It's special because of precisely two things: the silky smooth matte paint covering the Accord's sleek exterior, and the blistering performance under the hood and behind the wheels. The first was achieved through painstaking care and meticulous process in the paint-booth, resulting in one of the best matte paint finishes you'll find in Dhaka, while the performance front was handled by the SOHC VTEC F20B engine and the K-Sport coilover suspension system.
The engine sounds tame enough on paper: 2.0 liter, 4 cylinder, single cam, low emissions with about 160 hp. Saidi's Torneo is bone stock, and with a new F20B engine transplanted just the night before our test ride, combined with the 4 speed automatic gearbox, we weren't expecting much.
“Three of the four VTEC sensors are missing. I don't know how well the engine will perform, but let's see”, said Saidi just before stomping on the throttle. On the road, as we found out, the thing is an absolute beast: the rev dial turned into a blur as the engine hit the 5200 RPM VTEC sweet spot, and the Accord was heading with absolute ease towards 150 km/h. Weaving in and out of traffic with zero body roll, the Accord seemed like it would show established sports cars a thing or two about control. That's largely thanks to the super stiff K-Sport coilovers however, the only performance modification on the car at the moment. The brakes were barely tested, with the owner taking turns at 120 km/h without braking once, and giving the three other occupants the scare of their lives by making the Accord lift a wheel while coming off a sweeping flyover, wheels screeching and hearts racing. This is the stuff you see veteran drivers do with hot hatches on TV shows. Living it is so much better than seeing it on TV.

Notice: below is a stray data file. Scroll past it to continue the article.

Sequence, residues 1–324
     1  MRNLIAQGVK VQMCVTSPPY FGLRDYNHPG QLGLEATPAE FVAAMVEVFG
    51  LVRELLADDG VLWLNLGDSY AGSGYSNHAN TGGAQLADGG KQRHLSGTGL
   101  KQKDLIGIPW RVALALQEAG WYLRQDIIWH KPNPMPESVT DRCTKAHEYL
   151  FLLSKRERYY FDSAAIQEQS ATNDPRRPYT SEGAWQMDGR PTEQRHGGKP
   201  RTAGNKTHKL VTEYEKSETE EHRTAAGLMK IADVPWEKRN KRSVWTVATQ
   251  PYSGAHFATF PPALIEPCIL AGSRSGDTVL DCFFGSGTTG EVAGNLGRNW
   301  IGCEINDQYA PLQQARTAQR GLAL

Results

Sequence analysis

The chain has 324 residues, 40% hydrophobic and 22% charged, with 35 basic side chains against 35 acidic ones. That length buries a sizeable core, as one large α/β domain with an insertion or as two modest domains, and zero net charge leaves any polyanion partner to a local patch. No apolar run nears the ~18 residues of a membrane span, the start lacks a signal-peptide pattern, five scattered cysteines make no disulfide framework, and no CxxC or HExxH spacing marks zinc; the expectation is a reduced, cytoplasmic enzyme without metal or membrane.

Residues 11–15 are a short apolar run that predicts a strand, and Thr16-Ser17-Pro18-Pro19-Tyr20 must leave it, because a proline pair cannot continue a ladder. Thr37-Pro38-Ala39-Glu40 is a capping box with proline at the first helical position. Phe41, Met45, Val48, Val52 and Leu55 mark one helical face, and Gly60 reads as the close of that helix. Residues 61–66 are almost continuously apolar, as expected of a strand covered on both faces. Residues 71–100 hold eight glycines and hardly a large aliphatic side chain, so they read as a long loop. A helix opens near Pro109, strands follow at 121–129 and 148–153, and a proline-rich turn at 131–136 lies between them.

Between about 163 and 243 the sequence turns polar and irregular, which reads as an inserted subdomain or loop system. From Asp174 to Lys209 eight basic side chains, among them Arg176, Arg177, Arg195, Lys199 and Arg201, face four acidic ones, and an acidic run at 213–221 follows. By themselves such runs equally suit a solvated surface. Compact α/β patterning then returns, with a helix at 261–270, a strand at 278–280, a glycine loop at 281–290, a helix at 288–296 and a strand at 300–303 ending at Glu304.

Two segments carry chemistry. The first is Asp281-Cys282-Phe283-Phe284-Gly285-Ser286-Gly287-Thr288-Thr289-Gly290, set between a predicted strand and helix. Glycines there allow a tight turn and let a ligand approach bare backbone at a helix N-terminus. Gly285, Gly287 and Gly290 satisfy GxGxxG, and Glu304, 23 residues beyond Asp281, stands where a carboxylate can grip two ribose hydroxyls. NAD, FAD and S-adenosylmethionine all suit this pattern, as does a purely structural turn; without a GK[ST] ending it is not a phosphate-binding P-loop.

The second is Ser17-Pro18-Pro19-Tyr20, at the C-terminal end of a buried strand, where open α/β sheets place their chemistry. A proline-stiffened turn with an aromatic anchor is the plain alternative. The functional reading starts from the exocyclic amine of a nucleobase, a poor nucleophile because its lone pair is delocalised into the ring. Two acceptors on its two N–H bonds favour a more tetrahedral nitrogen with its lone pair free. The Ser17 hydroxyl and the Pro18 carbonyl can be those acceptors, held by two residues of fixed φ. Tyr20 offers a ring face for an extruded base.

When I express my surprise at the relative ease with which the lowered and slightly cambered Accord goes over bumps and potholes on the road, Saidi says it's all about the suspension tweaking. “The coilovers don't make life difficult at all, if the settings are tuned properly; the ride quality isn't compromised even on the worst roads in Dhaka.”
It helps to have access to an army of trained people to wrench on the car and set it up perfectly, of course. Saidi is the founder and owner of Rahmania Auto Works (RAW), a garage which gained recent fame for the quality of the work they do. Their wash and polish routine might be famous, but as evidenced by the quality of the work done on the Torneo, they know their way around the mechanical bits just as well. Lying in a corner of the RAW workshop is a DOHC VTEC F20B, the beefier, much more powerful brother of the SOHC F20B. Saidi wanted to put that into the Torneo, but decided to go with the more manageable SOHC engine. If he ever wants a 230+ hp rocket ride, he has that option.
We thought the paint was the special feature on this ride. Saidi tells us that the misconceptions about maintaining matte paint are mostly wrong. If you want a matte painted car of your own, all you need to do is buy a bunch of special microfiber rub-cloths, costing about 300 taka a piece and good for about 3 months or so. It's the painting process that matters, and it can be expensive because of the excess liters of paint required. RAW will charge about a lakh for matte painting a sedan, and stocks the microfiber rub-cloth.
Our photographer foaming at the mouth on the ride home sums up the effect this car would have on people: "Demure and restrained, other than the evil matte black paint and those flared wheel arches, people wouldn't really expect it to be this much fun or this fast."
We're absolutely in love.